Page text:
I couldn’t be more impressed with RT-QuIC. Prior to coming to Hamilton, Montana last month, I had never even worked in a wet lab before – I have spent the past two years in a strictly dry lab role, doing computational genomics. Since most things in science fail, I fully expected that my first ten or twenty attempts to detect prion seeding activity in samples using RT-QuIC would end in frustration. Incredibly, my first RT-QuIC experiment actually worked, and in our few weeks here Sonia and I have now run six RT-QuIC plates, all of which have been successful.

I’ll document here what we did in our first experiment, now a couple of weeks old. Our goal was simply to check whether we could indeed get the assay to work: would positive samples come up positive, and negatives come up negative? Toward that end, Sonia and I each filled 1/4 of a 96-well plate with six test samples in quadruplicate: hamster normal brain homogenate (NBH) at a 5 × 10-5 (hereafter “5e-5″) dilution, and hamster 263K brain homogenate at 5e-5, 5e-6, 5e-7, 5e-8, and 5e-9 dilutions.

First we created a “master mix” with all of the ingredients for RT-QuIC except for the samples to be tested. There are many different formulas for RT-QuIC, and as mentioned here the currently favored formula in the Caughey lab is to have the final concentrations in the reaction volume be 1X PBS, 1 mM EDTA, 10 μM ThT, 170 mM NaCl + the 130 mM NaCl in the PBS = 300 mM NaCl total, and 0.1 mg/mL recombinant PrP. I’ve written an R function to create master mix formulas here. As a substrate, we used recombinant N-terminally truncated Syrian hamster PrP, or rSHaPrP90-231.

We then created the serial dilutions of NBH and 263K BH, in 1X N2 / 0.1% SDS / 1X PBS. We added 98 μL of master mix and 2 μL of the diluted BH to each well. We sealed the plate and put it into the platereader at 42°C for almost four days.

The results were outstanding: all NBH wells stayed negative up through the time we pulled the plate at >80h, all 263K wells at 5e-5 through 5e-8 dilutions turned positive, and we hit endpoint at 5e-9, with 2 of 4 wells turning positive in my experiment and 1 of 4 in Sonia’s. Here are the plots – the assay was run in quadruplicate, so each curve is the mean of four wells:

To have such a clean result on the first thing I ever did in the wet lab is quite a testament to RT-QuIC’s simplicity and reproducibility. To me, it was also a powerful demonstration of the sterility of biosafety cabinets. RT-QuIC is so sensitive that it can reliably detect 2 μL of a 1e-8 dilution of 263K prion-infected hamster brain homogenate and yet, for all the pipetting and vortexing of infected brain homogenate that goes on under the hood, there was apparently not so much as a trace of infected material that found its way into an uninoculated well.

Of course, it wasn’t easy getting here – years of work have gone into fine-tuning the RT-QuIC protocol to make it as reliable as it is now. One of the most critical steps is making the recombinant PrP in the right way. We made our own batch of recombinant PrP during this visit to Hamilton as well and we plan to share a walk-through of that process soon.

Before there was RT-QuIC [Atarashi 2011], which uses ThT fluorescence as a readout, there was regular old QuIC, which uses a Western blot as a readout [Atarashi 2008]. This is occasionally still useful as a validation, so to learn the technique, Sonia and I also performed a Western blot on the products of a few of our RT-QuIC wells. We each chose two ThT-positive wells (one from the lowest and highest dilutions of brain homogenate) and two ThT-negative wells (one from an NBH well and one from a 5e-9 well that never turned positive). We performed a very light PK digestion – 1h at 37°C with 2.6 μg/mL of proteinase K. The original QuIC protocol called for 6.7 μg/mL [Atarashi 2008 supplement], and a standard digestion on brain homogenate is more like 50 μg/mL [e.g. Watts 2014a].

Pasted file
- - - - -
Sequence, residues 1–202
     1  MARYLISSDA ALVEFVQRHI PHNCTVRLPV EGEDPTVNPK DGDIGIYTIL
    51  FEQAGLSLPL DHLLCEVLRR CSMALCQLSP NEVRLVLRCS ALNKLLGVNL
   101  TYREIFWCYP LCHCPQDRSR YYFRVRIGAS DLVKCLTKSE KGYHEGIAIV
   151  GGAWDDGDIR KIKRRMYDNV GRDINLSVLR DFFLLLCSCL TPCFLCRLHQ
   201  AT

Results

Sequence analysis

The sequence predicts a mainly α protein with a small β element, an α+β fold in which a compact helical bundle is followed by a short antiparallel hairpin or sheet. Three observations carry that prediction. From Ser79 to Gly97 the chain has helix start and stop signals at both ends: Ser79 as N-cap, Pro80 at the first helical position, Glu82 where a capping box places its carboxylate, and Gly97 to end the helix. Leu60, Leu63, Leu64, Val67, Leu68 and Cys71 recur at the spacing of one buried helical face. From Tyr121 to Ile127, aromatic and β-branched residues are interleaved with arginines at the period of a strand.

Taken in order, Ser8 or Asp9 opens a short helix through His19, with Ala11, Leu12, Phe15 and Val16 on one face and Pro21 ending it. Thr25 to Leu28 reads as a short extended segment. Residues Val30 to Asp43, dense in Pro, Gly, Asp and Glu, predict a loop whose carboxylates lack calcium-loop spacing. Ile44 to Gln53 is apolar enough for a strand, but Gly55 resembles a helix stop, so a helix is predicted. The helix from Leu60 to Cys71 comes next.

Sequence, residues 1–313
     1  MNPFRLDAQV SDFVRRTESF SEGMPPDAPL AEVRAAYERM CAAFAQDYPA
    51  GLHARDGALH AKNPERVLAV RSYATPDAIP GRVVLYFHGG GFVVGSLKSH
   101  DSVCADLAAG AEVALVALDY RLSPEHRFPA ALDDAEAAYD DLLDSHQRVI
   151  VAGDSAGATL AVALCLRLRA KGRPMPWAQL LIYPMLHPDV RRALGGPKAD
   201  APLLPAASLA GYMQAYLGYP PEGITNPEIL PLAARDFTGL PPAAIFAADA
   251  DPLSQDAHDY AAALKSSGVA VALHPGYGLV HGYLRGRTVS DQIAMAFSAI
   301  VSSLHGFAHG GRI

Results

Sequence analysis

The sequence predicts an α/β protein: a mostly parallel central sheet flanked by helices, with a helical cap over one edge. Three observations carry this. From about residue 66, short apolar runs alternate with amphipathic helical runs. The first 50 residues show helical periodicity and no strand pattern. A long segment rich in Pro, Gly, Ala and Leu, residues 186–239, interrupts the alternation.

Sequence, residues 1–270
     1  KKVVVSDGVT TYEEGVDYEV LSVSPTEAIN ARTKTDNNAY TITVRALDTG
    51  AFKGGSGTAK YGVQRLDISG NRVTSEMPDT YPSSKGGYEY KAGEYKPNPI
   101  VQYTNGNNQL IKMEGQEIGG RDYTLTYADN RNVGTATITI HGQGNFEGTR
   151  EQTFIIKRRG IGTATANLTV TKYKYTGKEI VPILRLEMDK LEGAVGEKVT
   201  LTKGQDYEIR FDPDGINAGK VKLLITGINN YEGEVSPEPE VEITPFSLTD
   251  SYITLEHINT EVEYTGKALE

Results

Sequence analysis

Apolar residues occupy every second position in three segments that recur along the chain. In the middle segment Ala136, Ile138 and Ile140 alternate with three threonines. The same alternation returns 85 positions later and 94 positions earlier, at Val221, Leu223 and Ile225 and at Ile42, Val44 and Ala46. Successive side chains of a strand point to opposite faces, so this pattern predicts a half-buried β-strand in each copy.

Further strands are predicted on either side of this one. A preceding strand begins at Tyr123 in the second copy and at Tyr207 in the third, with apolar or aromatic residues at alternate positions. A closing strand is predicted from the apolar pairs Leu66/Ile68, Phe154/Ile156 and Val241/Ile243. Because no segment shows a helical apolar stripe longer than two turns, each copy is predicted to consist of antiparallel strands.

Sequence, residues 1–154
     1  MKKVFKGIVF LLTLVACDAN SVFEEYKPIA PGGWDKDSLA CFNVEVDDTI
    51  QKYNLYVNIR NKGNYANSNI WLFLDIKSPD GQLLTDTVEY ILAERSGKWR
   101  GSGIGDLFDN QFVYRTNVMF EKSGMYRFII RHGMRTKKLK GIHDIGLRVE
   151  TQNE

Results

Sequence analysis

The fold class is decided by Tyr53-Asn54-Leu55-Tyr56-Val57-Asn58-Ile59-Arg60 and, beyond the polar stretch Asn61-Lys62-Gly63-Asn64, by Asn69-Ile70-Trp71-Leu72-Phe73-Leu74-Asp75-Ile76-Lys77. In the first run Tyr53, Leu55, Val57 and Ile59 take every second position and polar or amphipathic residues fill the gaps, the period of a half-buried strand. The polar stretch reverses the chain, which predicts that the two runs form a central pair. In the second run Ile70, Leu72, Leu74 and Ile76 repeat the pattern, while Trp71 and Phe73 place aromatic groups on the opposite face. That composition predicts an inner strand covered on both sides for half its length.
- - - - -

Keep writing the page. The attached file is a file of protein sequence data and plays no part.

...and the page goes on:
Under a more thorough PK digestion, amyloid-negative wells would lack any protein and amyloid-positive wells would contain a PK digestion product. That’s not the case here, but we were relieved to find we could still distinguish the amyloid-positive and negative wells. The N-terminally truncated substrate, rSHaPrP90-231, weighs in at 16 kDa, while its PK digestion product is ~10kDa. In the blot below, you can see that the ThT-negative wells contain only the 16 kDa product, while the positive wells contain both a 10 kDa and a 16 kDa band. The blot suffered from some other technical problems as well: the gel came slightly loose from its casing and allowed some of the protein and dye to bleed together between lanes and run faster – this accounts for the black smear across the bottom of lanes 6 and 7. We developed the blot with the R20 rabbit polyclonal antibody against residues 218-232 of SHaPrP [Caughey 1991] and a goat anti-rabbit secondary antibody conjugated to alkaline phosphatase followed by exposure to AttoPhos.

The process of making a Western blot was, well, certainly not as easy, elegant nor as successful as RT-QuIC, but it seems to have worked.

Now that we’ve learned the basics of RT-QuIC and seen what a powerful tool it can be, we are excited to apply it to answering important questions in the search for therapeutics for prion disease. We’d like to give a special thanks to Christina Orrù, Matteo Manca, Daniela Perra, Brad Groveman, Andy Hughson and Allison Kraus for teaching us all of the above techniques, and above all to Byron Caughey for welcoming us into his lab as trainees. The Caughey lab is an amazing place and we hope to make another visit soon.